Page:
University of Iowa researchers study the use of psychedelic drugs in medicine

Researchers at the UI Department of Psychiatry are working to conduct a study to figure out if Ketamine and Psilocybin, both a form of psychedelics, will be able to treat alcohol abuse disorder. The group is aiming to conduct this study this summer.


Hayden Froehlich

Department of Psychiatry Chair and DEO Dr. Peggy Nopoulos poses for a photo in her office in the Pappajohn Pavilion on Thursday, December 12, 2019. Dr. Nopoulos is conducting research on the neurological disease Huntington’s.

Natalie Miller, News Reporter

Researchers at the University of Iowa are reevaluating the use of psychedelic drugs as a treatment for alcohol use disorder in a pilot study.

UI Department of Psychiatry Chair Peggy Nopoulos is studying psychedelic therapy to treat alcohol use disorder. Some participants of the study will receive doses of psilocybin, often known as magic mushrooms, and ketamine.

The researchers began discussing the idea of a psychedelic study in early 2022. A study like this takes time because the researchers must be permitted to work with the drugs in a lab setting.

Psychedelic therapy in a controlled environment allows for the brain to get out of a bad circuit or routine, whether it’s excessive alcohol consumption or depressive moods. Nopoulos said treatment with psychedelic drugs allows other circuits of the brain to take over.

“Oftentimes, if you are sick, whether it’s depression or whether it’s addiction, that internal brain circuit is abnormal, and oftentimes it’s what we call hyper-connected, meaning that once you turn to that internal brain state, your illness really takes over,” Nopoulos said.

The UI study will be conducted as a head-to-head comparison of ketamine and psilocybin, Mark Niciu, an assistant professor at the UI’s Department of Psychiatry and the Iowa Neuroscience Institute, said.

Nopoulos said the study will be conducted by administering the psychedelics to a group of men who suffer from alcohol use disorder. Half will receive psilocybin, and the other half will receive ketamine. Neither the researchers nor the subjects will know which one they will receive.

Subjects will start by having an MRI scan and a meeting with a therapist. They will then come in to be administered their dosage and will receive another MRI scan after that. Researchers then evaluate the subjects over time and will receive one last MRI scan three months after the drug was administered.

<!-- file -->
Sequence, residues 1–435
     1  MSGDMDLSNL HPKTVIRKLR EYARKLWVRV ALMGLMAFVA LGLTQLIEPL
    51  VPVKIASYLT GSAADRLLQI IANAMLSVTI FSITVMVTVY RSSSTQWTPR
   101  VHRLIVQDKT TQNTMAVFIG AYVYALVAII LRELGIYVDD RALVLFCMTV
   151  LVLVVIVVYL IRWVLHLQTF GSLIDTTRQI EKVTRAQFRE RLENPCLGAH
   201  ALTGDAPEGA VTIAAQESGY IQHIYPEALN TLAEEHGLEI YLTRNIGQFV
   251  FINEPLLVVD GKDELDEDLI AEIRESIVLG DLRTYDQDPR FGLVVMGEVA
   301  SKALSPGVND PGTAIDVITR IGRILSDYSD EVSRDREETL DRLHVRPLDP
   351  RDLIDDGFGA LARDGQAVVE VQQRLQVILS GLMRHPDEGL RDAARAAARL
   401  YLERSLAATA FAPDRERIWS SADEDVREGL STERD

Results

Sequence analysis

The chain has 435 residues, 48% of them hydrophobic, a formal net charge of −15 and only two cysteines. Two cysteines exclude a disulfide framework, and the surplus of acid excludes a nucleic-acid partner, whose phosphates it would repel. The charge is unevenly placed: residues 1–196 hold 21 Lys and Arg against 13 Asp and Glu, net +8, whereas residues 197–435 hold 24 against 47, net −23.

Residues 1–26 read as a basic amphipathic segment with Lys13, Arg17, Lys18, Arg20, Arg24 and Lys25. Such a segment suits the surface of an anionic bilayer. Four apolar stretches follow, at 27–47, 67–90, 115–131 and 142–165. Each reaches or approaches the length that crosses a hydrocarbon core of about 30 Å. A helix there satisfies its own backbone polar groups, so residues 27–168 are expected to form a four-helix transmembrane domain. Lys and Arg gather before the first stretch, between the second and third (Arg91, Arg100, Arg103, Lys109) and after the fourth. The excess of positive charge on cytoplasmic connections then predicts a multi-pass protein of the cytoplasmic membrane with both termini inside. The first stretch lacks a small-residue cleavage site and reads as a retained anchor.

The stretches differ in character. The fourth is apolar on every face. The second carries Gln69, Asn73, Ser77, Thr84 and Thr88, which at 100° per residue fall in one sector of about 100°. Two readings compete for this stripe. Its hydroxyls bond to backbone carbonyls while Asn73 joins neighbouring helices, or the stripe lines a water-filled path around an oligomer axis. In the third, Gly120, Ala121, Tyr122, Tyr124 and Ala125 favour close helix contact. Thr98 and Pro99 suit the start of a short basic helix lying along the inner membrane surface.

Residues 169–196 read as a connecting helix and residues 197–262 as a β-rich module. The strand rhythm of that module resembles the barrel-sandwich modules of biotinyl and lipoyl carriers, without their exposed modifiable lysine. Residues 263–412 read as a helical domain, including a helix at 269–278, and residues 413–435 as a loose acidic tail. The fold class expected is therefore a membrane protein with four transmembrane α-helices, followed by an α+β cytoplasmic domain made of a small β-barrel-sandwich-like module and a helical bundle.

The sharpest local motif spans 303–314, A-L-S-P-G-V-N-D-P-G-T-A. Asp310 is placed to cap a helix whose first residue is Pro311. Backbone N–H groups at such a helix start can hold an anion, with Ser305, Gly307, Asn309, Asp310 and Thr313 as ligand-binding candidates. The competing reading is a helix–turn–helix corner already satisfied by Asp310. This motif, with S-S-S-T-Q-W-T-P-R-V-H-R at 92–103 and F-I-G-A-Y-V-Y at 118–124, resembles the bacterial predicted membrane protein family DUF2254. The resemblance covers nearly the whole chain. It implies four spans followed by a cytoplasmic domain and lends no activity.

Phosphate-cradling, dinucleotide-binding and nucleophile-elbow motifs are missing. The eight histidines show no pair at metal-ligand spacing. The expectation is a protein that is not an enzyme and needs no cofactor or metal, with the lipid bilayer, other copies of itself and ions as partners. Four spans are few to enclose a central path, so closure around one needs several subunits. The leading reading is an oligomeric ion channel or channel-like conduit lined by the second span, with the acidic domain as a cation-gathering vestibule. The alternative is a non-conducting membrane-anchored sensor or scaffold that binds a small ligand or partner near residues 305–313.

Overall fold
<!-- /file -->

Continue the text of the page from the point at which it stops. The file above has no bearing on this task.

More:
Lead therapist for the study and licensed psychologist Candida Maurer said there is a two-hour meeting with a licensed psychologist before the administration of the medicine.

“During that time I will be taking a history … So I’ll be taking history trying to get an idea of when this started, maybe why it started, and what their intentions are at this point in their life,” Maurer said.

Maurer will be using a mixture of body therapy, cognitive behavioral therapy, meditation, relaxation, inner-child work, and mind-body therapy.

 “If you can help the person access the part of their body that is in pain, you can help them release the trauma through that work … That’s the kind of work I will be doing,” Maurer said.

Nopoulos explained two common types of classic psychedelics: Lysergic acid diethylamide — also known as LSD — and psilocybin.

“Both are drugs that have an effect on the brain, which creates a specific kind of experience, and a psychedelic trip,” she said.

Psychedelic drugs have been stigmatized. Nopoulos said researchers made large strides in psychedelic research in the ‘50s and ‘60s, but after the passage of the Controlled Substances Act in 1970, which made psychedelics illegal, all the advances vanished.

“There were concerns by the government that they were causing too much unrest societally,” Nopoulos said. “I said it was very political because, scientifically, they were making pretty great strides, so politically shutting them down made all the science go away for several decades.”

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Nopoulos has been studying psychedelic drugs for 20 years, and the research has been slowly building back up. He said each person might experience a different kind of psychedelic trip based on the aspects of their lives.

“It really is a major change in the way your brain is perceiving its environment, how it thinks, how you feel about yourself and the universe,” Nopoulos said. “Many people might consider it a spiritual kind of experience. It depends on who you are, and your belief system.”

This study excites Niciu, as it will be the first study of its kind at the UI.

“There’s really a great need for better treatments for alcohol use disorder … at least medication-based treatments with several FDA approved medications, but even so many patients don’t have adequate response to that,” Niciu said.  “It’s all about providing relief from mental health disorders.”